Cow manure helps keep the lights on in western New York
New York State is home to more than 600,000 dairy cows, which generate millions of pounds of manure.
Now, a new energy project in rural Wyoming County aims to be a model for using cow waste and by-products from food processing to generate electricity.
“Perfect recycling project”
Earlier this summer, Synergy Dairy Farm in Covington, southwest of Rochester, switched on the largest on-farm biogas generator in New York state. Manure and other leftover farm materials are fed into a 120,000 gallon co-digester and then burned in a biogas engine.
The $7.5 million system is capable of feeding 1.4 megwatts (MW) into the electrical grid – enough to power about 1,000 homes.
“Gas, which would have normally been [sent] in the air, 'cause it would have been dumped on the ground - [we're] capturing that methane and CO2, [then] burning it in an engine," says Paul Toretta, CEO of Florida-based CH4 Biogas, which built and owns the project.
“It’s kind of the perfect recycling project," he adds. "You end up taking the waste and returning CO2 to the atmosphere. Then it’s used by plants, which are eaten by the animals.”
Dollars and scents
Synergy credits the project with reducing odors by creating an efficient system for handling manure. After the co-digestion mixture is burned, the farm also uses the remaining materials for bedding for livestock.
Agricultural by-products, like manure and food processing waste, are not always used for constructive purposes, Toretta says. The project demonstrates how even large dairy and livestock operations can become more efficient while diversifying their business, he says.
“By burning that natural gas, we don’t have to burn fossil fuels that come from the ground, so we limit the amount of oil or other fuels that have to be put into the air," Toretta says.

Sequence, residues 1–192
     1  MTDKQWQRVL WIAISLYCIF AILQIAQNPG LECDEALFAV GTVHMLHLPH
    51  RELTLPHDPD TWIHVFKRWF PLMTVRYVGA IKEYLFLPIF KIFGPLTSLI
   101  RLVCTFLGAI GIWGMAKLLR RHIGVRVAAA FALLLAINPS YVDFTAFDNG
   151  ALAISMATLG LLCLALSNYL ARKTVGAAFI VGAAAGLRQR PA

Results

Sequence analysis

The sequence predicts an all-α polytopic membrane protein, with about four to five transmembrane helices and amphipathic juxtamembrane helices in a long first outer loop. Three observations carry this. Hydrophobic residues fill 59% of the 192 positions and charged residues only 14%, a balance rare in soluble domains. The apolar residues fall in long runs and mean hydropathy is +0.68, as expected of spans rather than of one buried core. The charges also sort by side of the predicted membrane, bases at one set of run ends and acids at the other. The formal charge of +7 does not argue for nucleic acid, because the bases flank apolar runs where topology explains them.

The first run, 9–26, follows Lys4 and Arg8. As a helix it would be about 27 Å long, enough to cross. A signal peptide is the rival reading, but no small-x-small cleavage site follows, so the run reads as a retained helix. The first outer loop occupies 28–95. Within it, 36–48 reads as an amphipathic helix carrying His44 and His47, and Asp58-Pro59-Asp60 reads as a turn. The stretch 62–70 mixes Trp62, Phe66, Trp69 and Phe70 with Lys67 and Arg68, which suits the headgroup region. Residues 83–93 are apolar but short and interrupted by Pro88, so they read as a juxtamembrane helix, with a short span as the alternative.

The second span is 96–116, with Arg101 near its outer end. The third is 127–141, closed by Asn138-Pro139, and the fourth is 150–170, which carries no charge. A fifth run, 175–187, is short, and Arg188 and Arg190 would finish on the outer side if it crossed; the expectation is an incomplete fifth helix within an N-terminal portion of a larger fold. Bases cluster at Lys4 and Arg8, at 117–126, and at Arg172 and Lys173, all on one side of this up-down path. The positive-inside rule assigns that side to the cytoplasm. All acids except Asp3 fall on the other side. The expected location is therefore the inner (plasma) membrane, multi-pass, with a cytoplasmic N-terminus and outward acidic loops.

The project has created five jobs and qualified for a 30 percent investment tax credit, totaling more than $2.5 million, stemming from the Energy Policy Act of 2005.
More than $1 million in incentives from the New York State Energy Research and Development Authority (NYSERDA) also helped offset costs. While not technically taxpayer-supported, NYSERDA is funded by small charges on each electrical bill in New York.
To connect the Synergy biogas generator to the electrical grid, energy supplier National Grid kicked in $750,000.
Still, substantial startup costs dissuade most farms from building biogas facilities. Traditional waste disposal habits are cheaper and less risky, Toretta says.
“This casts a long shadow. So you put your money in, you have to be ready that it’s going to take 15 years,” Toretta says, which is how long the project is financed for.
More than a dozen similar, yet smaller, biogas projects in New York combine to generate to double Synergy’s capacity, about 3 MWs. And about 17 new digesters are in various stages of planning, according to the New York State Department of Agriculture and Markets.
The Innovation Trail is a collaboration between five upstate New York public media outlets. The initiative, funded by the Corporation for Public Broadcasting (CPB), helps the public gain a better understanding of the connection between technological breakthroughs and the revitalization of the upstate New York economy.